Belfast Telegraph

Rewind to 1940: a time that really changed the planet

You think 2010 was eventful? Peter Bills looks back 70 years when many feared for mankind

Beyond dispute, it must have seemed like the world was ending. Countries around the globe were at war with others. Has there ever been a year like 1940?

In the past year, an earthquake ravaged parts of the south island of New Zealand and another devastated Haiti. The war in Afghanistan has dragged on. Iran and North Korea continue to defy the West with their plans for a nuclear weapon.

An economic recession has dominated the world's thinking. Countries have been forced to take painful corrective financial medicine. Serious enough, but, as a 1940 veteran might say, are you serious?

Seventy years ago, the world seemed to be approaching its nadir. The whole globe appeared to be going up in flames.

Winston Churchill, the new Prime Minister, who had replaced the blundering Chamberlain, proclaimed the Battle of Dunkirk in May/June 1940 "a great victory". In truth, it was a humiliating retreat.

Unprepared, Britain seemed unlikely to hold up the mighty German war machine for very long. But a German invasion required air supremacy; thus, the Luftwaffe launched the Battle of Britain in September with a ferocious assault.

The air-battle raged for three months and, when it was finally over, Churchill said eloquently: "Never in the field of human conflict was so much owed by so many to so few."

It did not mean Britain was saved from aerial bombardment. Later in the year, further horror rained down from the skies as German planes blitzed many cities including Belfast. Thousands of lives were lost. Yet somehow Britain kept going.

Evil deeds were being carried out right across Europe. Early plans were laid in this year both for the invasion of the Soviet Union and also the Holocaust.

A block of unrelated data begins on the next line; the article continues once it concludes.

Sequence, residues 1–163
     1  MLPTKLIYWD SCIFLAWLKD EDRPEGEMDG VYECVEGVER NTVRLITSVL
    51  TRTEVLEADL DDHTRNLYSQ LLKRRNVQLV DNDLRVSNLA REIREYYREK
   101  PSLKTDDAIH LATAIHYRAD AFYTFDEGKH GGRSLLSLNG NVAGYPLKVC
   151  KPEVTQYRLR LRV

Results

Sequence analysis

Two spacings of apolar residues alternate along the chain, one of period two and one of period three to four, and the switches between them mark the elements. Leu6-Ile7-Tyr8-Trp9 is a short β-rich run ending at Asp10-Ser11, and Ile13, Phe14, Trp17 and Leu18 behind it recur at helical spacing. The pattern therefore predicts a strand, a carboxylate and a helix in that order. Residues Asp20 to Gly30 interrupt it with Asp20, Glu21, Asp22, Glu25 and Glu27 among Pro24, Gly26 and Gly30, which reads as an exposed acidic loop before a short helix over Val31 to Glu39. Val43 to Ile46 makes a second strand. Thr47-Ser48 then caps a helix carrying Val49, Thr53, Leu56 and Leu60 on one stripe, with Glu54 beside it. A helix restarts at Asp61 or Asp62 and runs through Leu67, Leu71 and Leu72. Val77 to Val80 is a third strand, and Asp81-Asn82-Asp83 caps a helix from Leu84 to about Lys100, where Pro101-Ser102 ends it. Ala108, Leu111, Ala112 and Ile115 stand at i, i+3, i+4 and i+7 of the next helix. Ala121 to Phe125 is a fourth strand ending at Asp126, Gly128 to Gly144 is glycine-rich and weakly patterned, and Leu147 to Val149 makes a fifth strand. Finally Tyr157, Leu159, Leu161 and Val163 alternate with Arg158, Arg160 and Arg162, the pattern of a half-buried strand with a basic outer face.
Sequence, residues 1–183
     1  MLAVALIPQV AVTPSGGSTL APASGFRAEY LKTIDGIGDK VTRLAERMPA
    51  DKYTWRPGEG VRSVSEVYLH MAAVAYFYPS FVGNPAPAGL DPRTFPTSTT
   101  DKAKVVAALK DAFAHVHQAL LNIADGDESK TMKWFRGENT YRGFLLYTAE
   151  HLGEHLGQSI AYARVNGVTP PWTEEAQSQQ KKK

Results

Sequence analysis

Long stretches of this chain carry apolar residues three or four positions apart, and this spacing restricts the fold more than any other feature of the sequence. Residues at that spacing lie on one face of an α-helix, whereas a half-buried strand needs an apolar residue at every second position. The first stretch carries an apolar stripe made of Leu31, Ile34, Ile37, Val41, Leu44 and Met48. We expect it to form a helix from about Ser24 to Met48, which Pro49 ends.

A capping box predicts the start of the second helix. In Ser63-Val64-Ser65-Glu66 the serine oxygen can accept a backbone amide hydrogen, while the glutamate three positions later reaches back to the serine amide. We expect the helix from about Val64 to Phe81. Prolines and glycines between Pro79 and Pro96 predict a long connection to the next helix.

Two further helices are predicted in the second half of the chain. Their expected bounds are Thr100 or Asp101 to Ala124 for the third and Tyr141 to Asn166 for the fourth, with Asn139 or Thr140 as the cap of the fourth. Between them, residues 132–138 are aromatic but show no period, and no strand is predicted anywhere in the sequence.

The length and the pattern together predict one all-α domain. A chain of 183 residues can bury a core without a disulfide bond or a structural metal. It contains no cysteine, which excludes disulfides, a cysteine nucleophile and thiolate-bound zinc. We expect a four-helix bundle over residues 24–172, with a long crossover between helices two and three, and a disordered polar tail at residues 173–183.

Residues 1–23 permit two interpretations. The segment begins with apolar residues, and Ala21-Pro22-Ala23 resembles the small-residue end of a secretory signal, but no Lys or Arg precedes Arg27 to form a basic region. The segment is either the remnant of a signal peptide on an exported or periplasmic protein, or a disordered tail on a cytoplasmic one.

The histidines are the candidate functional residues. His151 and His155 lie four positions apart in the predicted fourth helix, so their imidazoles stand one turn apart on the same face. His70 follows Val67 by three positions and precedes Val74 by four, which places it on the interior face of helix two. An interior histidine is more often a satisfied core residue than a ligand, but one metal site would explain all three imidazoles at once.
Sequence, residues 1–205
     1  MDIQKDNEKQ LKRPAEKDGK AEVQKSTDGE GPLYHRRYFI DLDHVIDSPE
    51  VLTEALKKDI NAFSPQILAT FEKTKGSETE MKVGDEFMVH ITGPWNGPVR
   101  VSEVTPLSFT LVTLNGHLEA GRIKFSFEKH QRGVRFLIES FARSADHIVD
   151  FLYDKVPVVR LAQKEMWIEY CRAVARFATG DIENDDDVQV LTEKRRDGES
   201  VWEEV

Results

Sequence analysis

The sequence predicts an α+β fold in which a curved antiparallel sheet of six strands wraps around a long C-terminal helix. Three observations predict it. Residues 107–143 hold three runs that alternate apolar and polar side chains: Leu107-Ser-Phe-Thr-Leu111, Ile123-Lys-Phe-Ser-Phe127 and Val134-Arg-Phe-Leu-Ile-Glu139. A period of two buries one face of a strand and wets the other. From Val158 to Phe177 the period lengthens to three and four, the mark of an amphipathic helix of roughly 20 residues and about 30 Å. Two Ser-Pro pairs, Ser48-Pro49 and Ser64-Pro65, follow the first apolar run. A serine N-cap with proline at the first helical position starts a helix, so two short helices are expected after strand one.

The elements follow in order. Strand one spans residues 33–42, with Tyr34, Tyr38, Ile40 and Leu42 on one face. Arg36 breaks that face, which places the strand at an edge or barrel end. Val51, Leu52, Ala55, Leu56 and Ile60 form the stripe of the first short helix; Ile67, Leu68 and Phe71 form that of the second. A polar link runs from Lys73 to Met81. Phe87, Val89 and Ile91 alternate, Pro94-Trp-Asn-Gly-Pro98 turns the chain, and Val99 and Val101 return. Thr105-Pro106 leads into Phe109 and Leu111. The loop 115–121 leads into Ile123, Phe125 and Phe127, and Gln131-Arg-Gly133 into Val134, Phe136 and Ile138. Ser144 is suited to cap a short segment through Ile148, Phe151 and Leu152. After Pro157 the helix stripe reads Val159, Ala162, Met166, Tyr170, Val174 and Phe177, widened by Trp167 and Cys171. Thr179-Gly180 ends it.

The first prisoners arrived in Auschwitz in 1940 and very soon after their arrival, 900 Russian prisoners of war were shepherded into a chamber and gassed.

As Britain was standing alone, the new French government under Petain asked the Germans for peace terms.

France had become one great oxymoron. The northern part was occupied and Jews were rounded up to be sent to their deaths in concentration camps. Yet in the south, life carried on almost as normal.

Oxymoronically, even as some of civilisation's greatest buildings were being destroyed, other things of great beauty were also being created, such as the Concierto de Aranjuez by Joaquin Rodrigo, which premiered in Barcelona. Elsewhere, a medical team at the University of Oxford published laboratory reports which showed the 'in vivo' bactericidal action of penicillin.

In the United States, Franklin D Roosevelt beat the Republican Wendell Willkie to become President for an unprecedented third term.

And the war raged on. The U-boats fought an increasingly desperate war in the North Atlantic, torpedoing and destroying convoys bringing aid and supplies to Britain.

The war spread to North Africa, where the British had sunk ships of the French fleet moored in Algerian ports. British troops attacked Italian forces at Sidi Barrani in Egypt, heralding the arrival of more German troops eventually to be commanded by the man who would come to be known as the 'Desert Fox' - General Erwin Rommel.

It was also the year when plutonium was first isolated chemically and Lend-Lease, the American aid programme to Britain, began to flow across the Atlantic.

Yet over on the west coast of America, some had other things to think about in 1940. As rationing began to bite deeply in Britain, McDonald's opened their first restaurant in California, while, also in the sunshine state, the first modern freeway, the future Route 110, opened to traffic in Pasadena.

A momentous year indeed.

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